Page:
Hooded warbler

Wilsonia citrina

SUBFAMILY

Parulinae

TAXONOMY

Wilsonia citrina Boddaert, 1783, Louisiana. OTHER COMMON NAMES

French: Paruline a capuchón; German: Kapuzenwaldsänger; Spanish: Reinita Encapuchada.

PHYSICAL CHARACTERISTICS

5-6 in (12.7-15.3 cm). Dark olive above, yellow below, and a yellow face. Conspicuous bristles at the angles of its fairly wide bill. Male also has a black cowl that extends from his throat to the top of his head.

DISTRIBUTION

Breeds in the eastern half of the United States from the Gulf states north to central Iowa, Ohio, and parts of New York. Winters in Central America.

HABITAT

Undergrowth of mature deciduous woods.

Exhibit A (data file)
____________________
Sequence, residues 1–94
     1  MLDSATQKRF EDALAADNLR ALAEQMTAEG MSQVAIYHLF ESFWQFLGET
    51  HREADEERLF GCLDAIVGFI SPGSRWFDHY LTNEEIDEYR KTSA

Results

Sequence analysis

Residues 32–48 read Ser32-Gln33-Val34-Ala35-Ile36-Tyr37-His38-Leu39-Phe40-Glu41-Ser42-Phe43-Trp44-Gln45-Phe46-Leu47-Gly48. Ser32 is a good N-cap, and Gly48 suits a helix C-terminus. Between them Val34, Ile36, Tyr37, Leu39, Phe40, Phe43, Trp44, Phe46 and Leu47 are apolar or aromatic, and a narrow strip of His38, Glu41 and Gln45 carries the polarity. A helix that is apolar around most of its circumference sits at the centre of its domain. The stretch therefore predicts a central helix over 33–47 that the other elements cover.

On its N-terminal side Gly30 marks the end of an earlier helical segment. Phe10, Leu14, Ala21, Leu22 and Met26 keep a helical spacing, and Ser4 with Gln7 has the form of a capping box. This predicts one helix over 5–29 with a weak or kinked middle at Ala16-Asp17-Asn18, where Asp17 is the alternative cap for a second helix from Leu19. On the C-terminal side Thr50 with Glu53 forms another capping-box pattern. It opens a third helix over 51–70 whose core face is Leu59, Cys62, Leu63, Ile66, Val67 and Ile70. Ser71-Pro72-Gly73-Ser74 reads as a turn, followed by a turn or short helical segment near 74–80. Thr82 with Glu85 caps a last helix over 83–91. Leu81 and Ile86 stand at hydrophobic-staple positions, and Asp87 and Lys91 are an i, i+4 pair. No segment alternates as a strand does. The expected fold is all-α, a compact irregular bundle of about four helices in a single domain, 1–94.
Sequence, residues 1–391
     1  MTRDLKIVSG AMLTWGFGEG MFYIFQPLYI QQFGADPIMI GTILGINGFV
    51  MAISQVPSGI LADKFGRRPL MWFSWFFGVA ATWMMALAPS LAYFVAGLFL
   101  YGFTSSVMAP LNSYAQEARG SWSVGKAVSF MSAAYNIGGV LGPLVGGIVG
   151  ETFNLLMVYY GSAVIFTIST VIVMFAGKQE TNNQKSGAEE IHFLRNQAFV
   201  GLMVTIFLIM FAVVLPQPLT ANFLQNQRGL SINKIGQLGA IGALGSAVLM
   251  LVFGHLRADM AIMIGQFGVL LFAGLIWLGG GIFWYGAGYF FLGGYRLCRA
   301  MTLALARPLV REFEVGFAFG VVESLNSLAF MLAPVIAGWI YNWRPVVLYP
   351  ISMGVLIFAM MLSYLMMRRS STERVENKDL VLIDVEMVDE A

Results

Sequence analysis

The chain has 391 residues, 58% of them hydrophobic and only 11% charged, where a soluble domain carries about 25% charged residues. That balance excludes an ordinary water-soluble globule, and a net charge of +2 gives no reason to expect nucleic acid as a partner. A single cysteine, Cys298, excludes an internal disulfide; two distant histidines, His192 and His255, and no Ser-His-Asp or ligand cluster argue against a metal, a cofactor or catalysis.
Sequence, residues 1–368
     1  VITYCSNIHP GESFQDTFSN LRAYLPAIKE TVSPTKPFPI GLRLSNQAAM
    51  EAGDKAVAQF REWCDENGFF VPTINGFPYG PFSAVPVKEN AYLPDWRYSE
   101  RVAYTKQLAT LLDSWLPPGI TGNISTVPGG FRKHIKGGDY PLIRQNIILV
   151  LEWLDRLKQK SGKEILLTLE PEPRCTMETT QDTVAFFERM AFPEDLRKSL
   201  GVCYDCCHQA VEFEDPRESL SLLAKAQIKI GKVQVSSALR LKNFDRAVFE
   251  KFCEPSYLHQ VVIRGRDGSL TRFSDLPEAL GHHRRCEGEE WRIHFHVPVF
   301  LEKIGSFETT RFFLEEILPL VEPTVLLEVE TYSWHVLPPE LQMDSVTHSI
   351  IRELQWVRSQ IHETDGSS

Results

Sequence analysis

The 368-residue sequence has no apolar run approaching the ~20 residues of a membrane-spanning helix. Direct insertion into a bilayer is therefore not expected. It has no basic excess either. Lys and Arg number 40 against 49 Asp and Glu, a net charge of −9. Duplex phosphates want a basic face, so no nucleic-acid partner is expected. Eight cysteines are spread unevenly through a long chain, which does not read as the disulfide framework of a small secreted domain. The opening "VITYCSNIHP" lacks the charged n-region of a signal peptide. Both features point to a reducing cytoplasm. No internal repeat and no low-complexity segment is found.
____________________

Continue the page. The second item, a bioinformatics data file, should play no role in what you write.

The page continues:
BEHAVIOR

Like a flycatcher, the male often catches flying arthropods on the wing. The females, however, generally forage on foliage and branches nearer ground level. The male's loud ringing song, "wee te wee tee o," proclaims its presence in thickets, often near water. Unlike most other warblers, the sexes frequently segregate in the wintering grounds.

FEEDING ECOLOGY AND DIET

Mainly arthropods.

REPRODUCTIVE BIOLOGY

It builds its nest among bushes and climbers. The nest itself is firmly built of leaves and grasses and lined with rootlets or fine grass. The female lays three or four speckled eggs, similar to those of many other wood warblers. The young hatch a little more than a week later. This species typically produces two broods a year.

CONSERVATION STATUS

Not threatened.

SIGNIFICANCE TO HUMANS None known. ♦

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